Building Maintenance Technician: Job Description

A well-staffed, fully-trained, and highly skilled maintenance team is essential to your organization’s process efficiency, workplace safety, and operational continuity. Your maintenance team is key to ensuring that your equipment is in optimal working condition, that your personnel aren’t plagued by unplanned downtime, and that your facilities operate smoothly and without interruption. 

An effective maintenance team will take on a wide range of responsibilities including routine upkeep of equipment, regular inspections, preventive maintenance (PM), and emergency repairs. Building maintenance technicians will fulfill an especially important set of responsibilities on this team. 

Why is a building maintenance technician important for your operation?

A building maintenance technician will take the lead in ensuring the upkeep, repair, and oversight of a facility’s physical assets, particularly building systems such as mechanical, electrical, plumbing, and HVAC systems. This individual is responsible for ensuring that these systems are functioning effectively, optimally, and safely. 

But exactly what does a building maintenance technician do, and what kinds of tasks are typically assigned to this specialized maintenance role? In this guide, we’ll take a closer look at the role that building maintenance technicians play in carrying out an effective maintenance program

What does a building maintenance technician do? 

A building maintenance technician is a key contributor to the overall functionality, safety, and efficiency of your facilities. This means that building maintenance technicians often take a lead role in fulfilling an extremely wide range of responsibilities. 

Likewise, building maintenance technicians will often work closely with other members of the maintenance and facilities management (FM) teams to collaborate on tasks, delegate responsibility, and maintain seamless multidirectional communication between departments.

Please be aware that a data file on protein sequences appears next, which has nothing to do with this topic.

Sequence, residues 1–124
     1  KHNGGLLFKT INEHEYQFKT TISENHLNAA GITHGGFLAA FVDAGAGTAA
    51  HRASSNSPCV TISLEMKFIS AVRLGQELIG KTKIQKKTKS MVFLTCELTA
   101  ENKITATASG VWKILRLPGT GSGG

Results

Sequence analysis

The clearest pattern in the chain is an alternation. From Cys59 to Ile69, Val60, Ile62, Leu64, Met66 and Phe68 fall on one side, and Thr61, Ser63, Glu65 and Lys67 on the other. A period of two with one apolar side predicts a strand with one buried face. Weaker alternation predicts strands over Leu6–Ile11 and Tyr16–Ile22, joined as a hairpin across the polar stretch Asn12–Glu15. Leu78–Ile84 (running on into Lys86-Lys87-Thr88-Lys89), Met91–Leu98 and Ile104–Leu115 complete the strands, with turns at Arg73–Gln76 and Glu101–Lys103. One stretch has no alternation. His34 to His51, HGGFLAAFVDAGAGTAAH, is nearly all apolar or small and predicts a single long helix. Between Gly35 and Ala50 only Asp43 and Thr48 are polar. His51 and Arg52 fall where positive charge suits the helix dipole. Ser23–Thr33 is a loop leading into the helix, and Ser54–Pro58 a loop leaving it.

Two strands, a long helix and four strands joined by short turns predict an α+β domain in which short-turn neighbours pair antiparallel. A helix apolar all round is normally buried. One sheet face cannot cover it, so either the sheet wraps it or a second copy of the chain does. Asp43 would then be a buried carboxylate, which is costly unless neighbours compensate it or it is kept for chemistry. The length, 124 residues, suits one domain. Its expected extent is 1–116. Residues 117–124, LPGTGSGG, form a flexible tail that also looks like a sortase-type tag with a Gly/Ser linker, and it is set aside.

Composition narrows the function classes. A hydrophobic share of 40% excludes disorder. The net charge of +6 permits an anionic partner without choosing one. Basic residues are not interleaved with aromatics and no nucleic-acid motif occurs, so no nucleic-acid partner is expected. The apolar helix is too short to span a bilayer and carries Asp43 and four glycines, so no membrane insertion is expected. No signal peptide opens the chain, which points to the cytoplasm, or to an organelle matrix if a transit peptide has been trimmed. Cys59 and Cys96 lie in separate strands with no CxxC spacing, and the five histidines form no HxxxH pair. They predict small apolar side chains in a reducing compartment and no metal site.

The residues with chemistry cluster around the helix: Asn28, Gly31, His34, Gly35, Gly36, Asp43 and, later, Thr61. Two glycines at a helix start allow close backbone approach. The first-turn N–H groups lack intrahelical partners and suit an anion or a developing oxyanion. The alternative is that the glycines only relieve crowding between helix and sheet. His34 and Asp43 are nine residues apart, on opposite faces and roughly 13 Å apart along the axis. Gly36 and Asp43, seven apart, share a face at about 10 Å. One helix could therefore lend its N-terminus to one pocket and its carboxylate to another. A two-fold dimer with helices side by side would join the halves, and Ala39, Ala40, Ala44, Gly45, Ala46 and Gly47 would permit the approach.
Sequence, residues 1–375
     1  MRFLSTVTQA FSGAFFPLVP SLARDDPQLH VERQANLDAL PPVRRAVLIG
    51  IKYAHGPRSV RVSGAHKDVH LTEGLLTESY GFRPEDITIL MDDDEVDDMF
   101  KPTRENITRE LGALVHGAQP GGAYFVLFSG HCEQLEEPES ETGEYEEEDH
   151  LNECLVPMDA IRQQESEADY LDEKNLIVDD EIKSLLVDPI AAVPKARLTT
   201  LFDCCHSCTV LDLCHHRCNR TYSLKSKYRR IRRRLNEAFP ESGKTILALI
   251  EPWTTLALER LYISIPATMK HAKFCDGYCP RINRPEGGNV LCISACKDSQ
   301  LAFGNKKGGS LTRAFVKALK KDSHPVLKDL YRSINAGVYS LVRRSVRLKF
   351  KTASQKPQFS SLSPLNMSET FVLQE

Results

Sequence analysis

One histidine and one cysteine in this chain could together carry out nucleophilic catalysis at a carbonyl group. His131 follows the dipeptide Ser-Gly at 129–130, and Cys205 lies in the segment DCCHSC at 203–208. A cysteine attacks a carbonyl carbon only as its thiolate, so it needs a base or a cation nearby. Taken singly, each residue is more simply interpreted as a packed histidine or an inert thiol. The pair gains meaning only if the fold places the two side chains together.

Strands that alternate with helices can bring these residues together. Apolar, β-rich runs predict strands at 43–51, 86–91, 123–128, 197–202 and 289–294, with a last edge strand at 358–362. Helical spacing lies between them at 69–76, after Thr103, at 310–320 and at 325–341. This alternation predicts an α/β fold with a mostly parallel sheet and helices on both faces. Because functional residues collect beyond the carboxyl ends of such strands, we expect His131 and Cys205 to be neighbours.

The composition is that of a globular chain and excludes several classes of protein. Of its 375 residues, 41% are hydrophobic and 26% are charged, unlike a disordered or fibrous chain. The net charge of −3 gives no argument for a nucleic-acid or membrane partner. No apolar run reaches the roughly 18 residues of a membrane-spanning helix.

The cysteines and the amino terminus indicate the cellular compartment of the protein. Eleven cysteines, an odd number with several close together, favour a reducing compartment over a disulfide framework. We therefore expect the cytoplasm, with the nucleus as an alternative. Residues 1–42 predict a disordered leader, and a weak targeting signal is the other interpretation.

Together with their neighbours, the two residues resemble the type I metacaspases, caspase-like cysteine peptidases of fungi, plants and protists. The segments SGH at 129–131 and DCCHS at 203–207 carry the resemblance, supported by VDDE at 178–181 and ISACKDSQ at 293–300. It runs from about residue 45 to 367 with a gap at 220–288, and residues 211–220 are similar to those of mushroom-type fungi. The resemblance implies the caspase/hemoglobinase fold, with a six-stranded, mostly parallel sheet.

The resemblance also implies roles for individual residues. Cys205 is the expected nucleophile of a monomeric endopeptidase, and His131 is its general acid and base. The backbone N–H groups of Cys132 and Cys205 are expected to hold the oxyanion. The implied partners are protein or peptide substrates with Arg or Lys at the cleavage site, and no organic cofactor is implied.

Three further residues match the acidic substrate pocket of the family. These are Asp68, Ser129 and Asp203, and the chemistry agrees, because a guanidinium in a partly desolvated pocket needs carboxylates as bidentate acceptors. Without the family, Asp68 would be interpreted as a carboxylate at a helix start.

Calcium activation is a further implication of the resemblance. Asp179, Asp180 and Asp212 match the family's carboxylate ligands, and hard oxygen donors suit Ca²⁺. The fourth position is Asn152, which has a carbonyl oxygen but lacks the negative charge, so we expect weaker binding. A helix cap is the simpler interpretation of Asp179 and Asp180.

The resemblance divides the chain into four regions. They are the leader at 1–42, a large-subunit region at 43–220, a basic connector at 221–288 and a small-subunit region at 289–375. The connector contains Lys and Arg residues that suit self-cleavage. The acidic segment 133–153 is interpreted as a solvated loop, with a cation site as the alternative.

Below, we take a closer look at a building maintenance technician‘s typical responsibilities and discuss some of the ways that these maintenance specialists collaborate with other members of the maintenance and FM teams.

Building maintenance technician responsibilities

Building maintenance technician responsibilities typically include an extremely diverse set of tasks such as: 

  • Conducting routine inspections of key building systems, including HVAC, plumbing, electrical, and safety systems
  • Executing preventive maintenance (PM) tasks such as equipment calibration, lubrication, parts replacement, and system testing
  • Documenting maintenance activities, including inspections, repairs, and preventive tasks
  • Troubleshooting malfunctioning equipment, machinery, and building systems
  • Using diagnostic tools to identify issues with physical assets and building systems
  • Performing repairs on plumbing, electrical systems, HVAC units, mechanical components, etc.
  • Resolving minor structural issues such as rusty door hinges, loose flooring, and damaged ceiling tiles
  • Providing cosmetic upkeep including painting, fixture repair, and replacement of visibly worn components
  • Conducting regular safety inspections to ensure compliance with building codes and industry regulations;
  • Leading safety training sessions as well as participating in safety workshops;